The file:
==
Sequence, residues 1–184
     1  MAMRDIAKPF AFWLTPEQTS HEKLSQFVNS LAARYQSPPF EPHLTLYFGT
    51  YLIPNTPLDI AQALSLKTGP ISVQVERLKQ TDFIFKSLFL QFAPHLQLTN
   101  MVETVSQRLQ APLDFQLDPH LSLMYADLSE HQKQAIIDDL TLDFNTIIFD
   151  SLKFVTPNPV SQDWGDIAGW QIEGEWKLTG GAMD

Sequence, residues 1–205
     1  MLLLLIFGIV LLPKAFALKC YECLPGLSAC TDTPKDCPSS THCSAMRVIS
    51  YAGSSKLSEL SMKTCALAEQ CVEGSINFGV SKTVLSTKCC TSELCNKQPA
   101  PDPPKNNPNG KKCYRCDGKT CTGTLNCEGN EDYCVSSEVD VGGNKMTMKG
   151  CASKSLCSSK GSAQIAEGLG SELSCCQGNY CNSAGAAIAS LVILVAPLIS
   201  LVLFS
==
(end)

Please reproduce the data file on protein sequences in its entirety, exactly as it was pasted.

Sequence, residues 1–184
     1  MAMRDIAKPF AFWLTPEQTS HEKLSQFVNS LAARYQSPPF EPHLTLYFGT
    51  YLIPNTPLDI AQALSLKTGP ISVQVERLKQ TDFIFKSLFL QFAPHLQLTN
   101  MVETVSQRLQ APLDFQLDPH LSLMYADLSE HQKQAIIDDL TLDFNTIIFD
   151  SLKFVTPNPV SQDWGDIAGW QIEGEWKLTG GAMD

Sequence, residues 1–205
     1  MLLLLIFGIV LLPKAFALKC YECLPGLSAC TDTPKDCPSS THCSAMRVIS
    51  YAGSSKLSEL SMKTCALAEQ CVEGSINFGV SKTVLSTKCC TSELCNKQPA
   101  PDPPKNNPNG KKCYRCDGKT CTGTLNCEGN EDYCVSSEVD VGGNKMTMKG
   151  CASKSLCSSK GSAQIAEGLG SELSCCQGNY CNSAGAAIAS LVILVAPLIS
   201  LVLFS